He does not see humans as objects…but as children of God. Others sense his pure motivations. Old and young, men and women; all feel secure in his presence. He does not seek his own gain.  

He loves like a brother. 

His love requires self-denial; self-control. He strives to protect his own soul and the souls of all he encounters. He offers a generative love that helps others flourish and thrive. 

He loves like a father.  

In his longings and temptations, he loves with a submissive spirit. He offers his sufferings for the conversion of family and friends, the strengthening of marriages, the flourishing of vocations to the priesthood and religious life, the protection of the unborn, and that all souls may know the love and mercy of our gracious Father.  

He loves like Jesus.  

When he falls short, he runs right to the arms of his merciful Father in the sacrament of Reconciliation. He is given the grace, the encouragement, and the love to keep trying. He does not hate himself for his shortcomings, but gratefully receives the tender and forgiving gaze of our Lord.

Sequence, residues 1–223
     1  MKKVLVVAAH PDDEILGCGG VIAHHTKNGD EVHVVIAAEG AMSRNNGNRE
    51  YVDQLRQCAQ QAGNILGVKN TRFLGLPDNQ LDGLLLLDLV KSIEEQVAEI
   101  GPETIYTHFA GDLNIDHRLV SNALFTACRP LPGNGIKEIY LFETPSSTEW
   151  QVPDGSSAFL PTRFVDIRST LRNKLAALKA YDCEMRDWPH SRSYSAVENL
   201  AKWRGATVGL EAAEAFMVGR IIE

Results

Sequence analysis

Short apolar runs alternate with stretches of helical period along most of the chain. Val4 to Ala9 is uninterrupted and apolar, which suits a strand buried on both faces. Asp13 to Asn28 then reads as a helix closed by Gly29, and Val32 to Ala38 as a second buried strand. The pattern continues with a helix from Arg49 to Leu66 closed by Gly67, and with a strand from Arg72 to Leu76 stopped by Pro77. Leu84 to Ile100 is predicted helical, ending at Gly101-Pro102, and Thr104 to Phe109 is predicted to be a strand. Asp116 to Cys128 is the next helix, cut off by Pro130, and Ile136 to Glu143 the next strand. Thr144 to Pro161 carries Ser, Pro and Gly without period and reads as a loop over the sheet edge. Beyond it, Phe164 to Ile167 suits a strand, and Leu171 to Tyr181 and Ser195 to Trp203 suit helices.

He is loved as the prodigal son.  

How different would our world look if men took more seriously the beautiful and noble call to chastity? How would the hearts of men change if they could see this virtue as a gift – both to themselves, and others?  

Thanks be to God for the Courage Apostolate, which helps those of us with same-sex attractions to strive for this brotherly, fatherly, Christ-like love. And so too for the gift of helping us more fully realize our identity as beloved sons. Let’s hope that through our imperfect witness, we may play a small part in helping the world to better understand this often ignored but desperately needed virtue.  

*    *    *

Brian R. is a 33 year old in the Washington, DC area who works as a hospice nurse. He has been involved with Courage since 2018 and is active in the Baltimore, Washington, and Arlington chapters. He loves outdoor activities with friends, coffee and a good book, and quiet time in front of the Blessed Sacrament.

The opinions and experiences expressed in each blog entry in “The Upper Room” belong solely to the original authors and do not necessarily reflect the views and policies of Courage International, Inc. Some entries have been edited for length and clarity.